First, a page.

The Pegu Club is one of those drinks which its history is arguably more potent than the cocktail itself. A once forgotten classic from a bygone era and a country with a complicated and oftentimes dark history: Myanmar. At the time known as Burma during British Occupation and colonisation, there was a gentleman's club in Rangoon of which the drink was named after, and became the iconic and adored drink of the venue. It was used as a hangout for the British Officers, with a rule to exclude any of the Burmese locals from entering, a tradition sadly carried on with Japanese occupation post-WWII - except for a few instances - before being taken over by the Tatmadaw (Burmese Military) where it was used as a pension office until it's abandonment in 2002. Nowadays, Myanmar is under democratic governance, with their first elected non-military State Counsellor (similar to a Prime Minister) Aung San Suu Kyi, The Pegu Club still exists and has been restored and operational since 2018, but cocktail has seen a renaissance halfway across the world in New York City, where legendary U.S. Bartender Audrey Saunders championed it at her own bar named Pegu Club which opened in 2005.
Sadly, Pegu Club permanent closed earlier in 2020 due to the COVID-19 pandemic, with a fast-approaching lease renewal, Audrey announced that they would not be re-signing. After having the drink as a staple cocktail, with a little recipe tweak, the cocktail emerged from almost a century-long dark age, entering a renaissance rarely seen in the bar world. It makes a great deal of sense too, as it's an incredibly simple recipe of Gin, Curaçao, Lime and both Aromatic and Orange bitters. If you've ever really wondered what cocktail bitters does to lift a cocktail, this drink will answer any doubt you have, alongside such a simple base, it brings this cocktail to stratospheric levels of refreshment.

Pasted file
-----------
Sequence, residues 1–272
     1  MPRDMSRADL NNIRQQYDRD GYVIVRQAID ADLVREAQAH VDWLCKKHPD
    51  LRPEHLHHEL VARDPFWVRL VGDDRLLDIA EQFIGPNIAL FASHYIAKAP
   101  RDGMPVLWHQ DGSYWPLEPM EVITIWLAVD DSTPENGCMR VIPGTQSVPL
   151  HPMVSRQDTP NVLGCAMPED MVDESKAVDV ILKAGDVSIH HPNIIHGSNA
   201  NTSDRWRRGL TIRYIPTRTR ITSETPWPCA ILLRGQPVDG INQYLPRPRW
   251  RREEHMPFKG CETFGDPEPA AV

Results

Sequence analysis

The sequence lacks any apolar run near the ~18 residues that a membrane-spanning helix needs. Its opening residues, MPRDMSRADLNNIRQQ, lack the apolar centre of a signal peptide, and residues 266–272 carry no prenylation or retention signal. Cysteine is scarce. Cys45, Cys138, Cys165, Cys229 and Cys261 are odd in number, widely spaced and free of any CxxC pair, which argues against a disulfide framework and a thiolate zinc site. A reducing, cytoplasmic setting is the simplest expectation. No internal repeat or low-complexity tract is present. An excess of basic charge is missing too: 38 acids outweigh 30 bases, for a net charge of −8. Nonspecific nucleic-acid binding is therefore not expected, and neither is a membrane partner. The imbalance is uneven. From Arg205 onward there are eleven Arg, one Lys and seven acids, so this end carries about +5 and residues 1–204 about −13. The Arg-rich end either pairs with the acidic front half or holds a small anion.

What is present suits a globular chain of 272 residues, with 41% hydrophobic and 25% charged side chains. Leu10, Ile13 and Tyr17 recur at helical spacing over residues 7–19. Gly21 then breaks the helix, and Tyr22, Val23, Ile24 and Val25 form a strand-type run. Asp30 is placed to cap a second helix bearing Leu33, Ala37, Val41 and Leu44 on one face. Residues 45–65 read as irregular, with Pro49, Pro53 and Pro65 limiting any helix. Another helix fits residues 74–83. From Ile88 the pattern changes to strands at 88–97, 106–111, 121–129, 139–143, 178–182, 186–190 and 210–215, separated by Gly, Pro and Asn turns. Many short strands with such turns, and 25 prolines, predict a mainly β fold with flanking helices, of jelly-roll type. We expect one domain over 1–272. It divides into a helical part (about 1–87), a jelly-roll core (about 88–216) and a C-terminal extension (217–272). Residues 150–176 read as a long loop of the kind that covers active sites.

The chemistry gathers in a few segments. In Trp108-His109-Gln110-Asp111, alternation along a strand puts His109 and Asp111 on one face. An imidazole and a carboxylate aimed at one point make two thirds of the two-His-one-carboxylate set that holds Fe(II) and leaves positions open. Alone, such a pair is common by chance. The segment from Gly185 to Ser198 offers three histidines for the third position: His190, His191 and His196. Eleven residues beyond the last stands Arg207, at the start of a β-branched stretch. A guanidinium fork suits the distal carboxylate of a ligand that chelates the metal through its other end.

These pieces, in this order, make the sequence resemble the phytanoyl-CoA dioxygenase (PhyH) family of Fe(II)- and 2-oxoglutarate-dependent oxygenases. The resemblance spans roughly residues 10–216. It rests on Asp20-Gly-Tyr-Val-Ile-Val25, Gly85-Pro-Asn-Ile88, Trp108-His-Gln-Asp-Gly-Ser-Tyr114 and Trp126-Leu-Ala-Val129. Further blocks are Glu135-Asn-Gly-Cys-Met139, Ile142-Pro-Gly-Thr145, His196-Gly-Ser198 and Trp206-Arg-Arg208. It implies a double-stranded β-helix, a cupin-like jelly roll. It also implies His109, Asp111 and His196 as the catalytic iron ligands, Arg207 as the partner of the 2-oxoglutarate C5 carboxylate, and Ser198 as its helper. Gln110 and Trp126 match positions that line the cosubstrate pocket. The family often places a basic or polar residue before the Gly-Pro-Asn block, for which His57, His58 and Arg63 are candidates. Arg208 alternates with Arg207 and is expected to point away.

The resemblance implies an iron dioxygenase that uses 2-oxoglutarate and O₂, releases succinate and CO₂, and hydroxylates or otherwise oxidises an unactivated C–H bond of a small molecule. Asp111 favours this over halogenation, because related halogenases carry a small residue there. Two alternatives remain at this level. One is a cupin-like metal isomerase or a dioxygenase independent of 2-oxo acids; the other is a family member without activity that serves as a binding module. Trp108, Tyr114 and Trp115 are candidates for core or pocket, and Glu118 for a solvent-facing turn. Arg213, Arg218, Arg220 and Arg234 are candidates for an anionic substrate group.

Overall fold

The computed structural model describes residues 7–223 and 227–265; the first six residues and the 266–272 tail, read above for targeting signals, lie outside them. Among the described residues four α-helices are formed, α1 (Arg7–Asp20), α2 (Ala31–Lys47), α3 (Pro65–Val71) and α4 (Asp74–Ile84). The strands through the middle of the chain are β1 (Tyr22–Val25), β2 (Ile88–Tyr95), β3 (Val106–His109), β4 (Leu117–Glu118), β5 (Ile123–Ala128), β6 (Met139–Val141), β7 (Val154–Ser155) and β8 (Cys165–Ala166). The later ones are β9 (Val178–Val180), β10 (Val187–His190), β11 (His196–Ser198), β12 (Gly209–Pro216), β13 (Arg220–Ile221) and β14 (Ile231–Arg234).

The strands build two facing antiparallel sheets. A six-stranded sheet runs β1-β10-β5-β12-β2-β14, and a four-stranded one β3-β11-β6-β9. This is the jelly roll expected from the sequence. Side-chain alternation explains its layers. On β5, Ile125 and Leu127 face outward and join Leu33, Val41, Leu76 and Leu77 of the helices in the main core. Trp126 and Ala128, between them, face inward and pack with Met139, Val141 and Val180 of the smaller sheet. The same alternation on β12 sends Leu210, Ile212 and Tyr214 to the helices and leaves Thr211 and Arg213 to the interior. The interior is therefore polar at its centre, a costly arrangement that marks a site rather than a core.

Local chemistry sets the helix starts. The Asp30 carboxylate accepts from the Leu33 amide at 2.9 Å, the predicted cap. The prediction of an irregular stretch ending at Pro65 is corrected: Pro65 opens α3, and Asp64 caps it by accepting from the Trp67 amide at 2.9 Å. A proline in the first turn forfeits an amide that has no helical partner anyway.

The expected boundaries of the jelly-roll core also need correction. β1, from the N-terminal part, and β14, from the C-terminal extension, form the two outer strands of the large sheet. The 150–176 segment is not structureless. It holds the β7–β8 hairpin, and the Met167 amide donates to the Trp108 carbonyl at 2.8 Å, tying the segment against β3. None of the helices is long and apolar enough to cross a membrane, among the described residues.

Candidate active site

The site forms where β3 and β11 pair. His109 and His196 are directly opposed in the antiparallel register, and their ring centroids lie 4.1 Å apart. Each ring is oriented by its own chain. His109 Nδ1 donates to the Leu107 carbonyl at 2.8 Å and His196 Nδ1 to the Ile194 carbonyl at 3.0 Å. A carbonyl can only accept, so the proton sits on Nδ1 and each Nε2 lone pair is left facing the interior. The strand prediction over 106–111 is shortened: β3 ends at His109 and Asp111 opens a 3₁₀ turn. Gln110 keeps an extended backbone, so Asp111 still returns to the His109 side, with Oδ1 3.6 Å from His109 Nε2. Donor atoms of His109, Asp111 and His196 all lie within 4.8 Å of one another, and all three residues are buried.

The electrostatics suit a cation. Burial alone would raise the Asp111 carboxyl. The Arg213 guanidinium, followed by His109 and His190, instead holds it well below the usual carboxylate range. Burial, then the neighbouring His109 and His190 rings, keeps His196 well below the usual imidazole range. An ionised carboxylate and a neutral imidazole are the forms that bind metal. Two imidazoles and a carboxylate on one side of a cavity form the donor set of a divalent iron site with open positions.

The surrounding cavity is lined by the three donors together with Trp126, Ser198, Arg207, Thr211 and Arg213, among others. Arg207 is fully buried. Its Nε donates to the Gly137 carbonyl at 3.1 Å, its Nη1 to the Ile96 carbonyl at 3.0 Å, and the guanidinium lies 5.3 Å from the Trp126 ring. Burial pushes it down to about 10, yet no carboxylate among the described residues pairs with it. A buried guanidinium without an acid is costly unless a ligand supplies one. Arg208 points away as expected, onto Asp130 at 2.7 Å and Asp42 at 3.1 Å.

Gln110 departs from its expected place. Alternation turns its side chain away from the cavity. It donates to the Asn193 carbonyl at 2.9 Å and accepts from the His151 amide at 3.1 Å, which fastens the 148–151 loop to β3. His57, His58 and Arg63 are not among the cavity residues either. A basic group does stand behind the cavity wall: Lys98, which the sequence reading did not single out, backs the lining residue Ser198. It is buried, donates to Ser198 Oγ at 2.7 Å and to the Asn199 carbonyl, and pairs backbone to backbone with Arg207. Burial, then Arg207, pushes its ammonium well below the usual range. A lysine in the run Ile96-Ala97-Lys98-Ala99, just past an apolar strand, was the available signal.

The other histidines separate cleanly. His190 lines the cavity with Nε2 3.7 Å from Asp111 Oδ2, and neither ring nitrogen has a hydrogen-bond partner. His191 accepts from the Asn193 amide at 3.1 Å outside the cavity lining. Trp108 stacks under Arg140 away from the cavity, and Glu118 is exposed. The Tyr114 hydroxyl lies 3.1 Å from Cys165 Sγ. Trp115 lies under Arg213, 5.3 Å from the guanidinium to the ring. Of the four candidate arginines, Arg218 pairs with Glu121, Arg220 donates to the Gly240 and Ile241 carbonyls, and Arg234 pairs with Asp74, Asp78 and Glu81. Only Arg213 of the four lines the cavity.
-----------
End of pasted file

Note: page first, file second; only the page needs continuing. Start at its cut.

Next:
the pegu club
45ml Australian Gin
15ml Orange Curacao
15ml Lime Juice
1 dash Aromatic Bitters (Angostura)
1 dash Orange Bitters
add all ingredients to a cocktail shaker filled with ice, shake and double strain into a chilled coupe glass, and garnish with either lemon or lime peel.,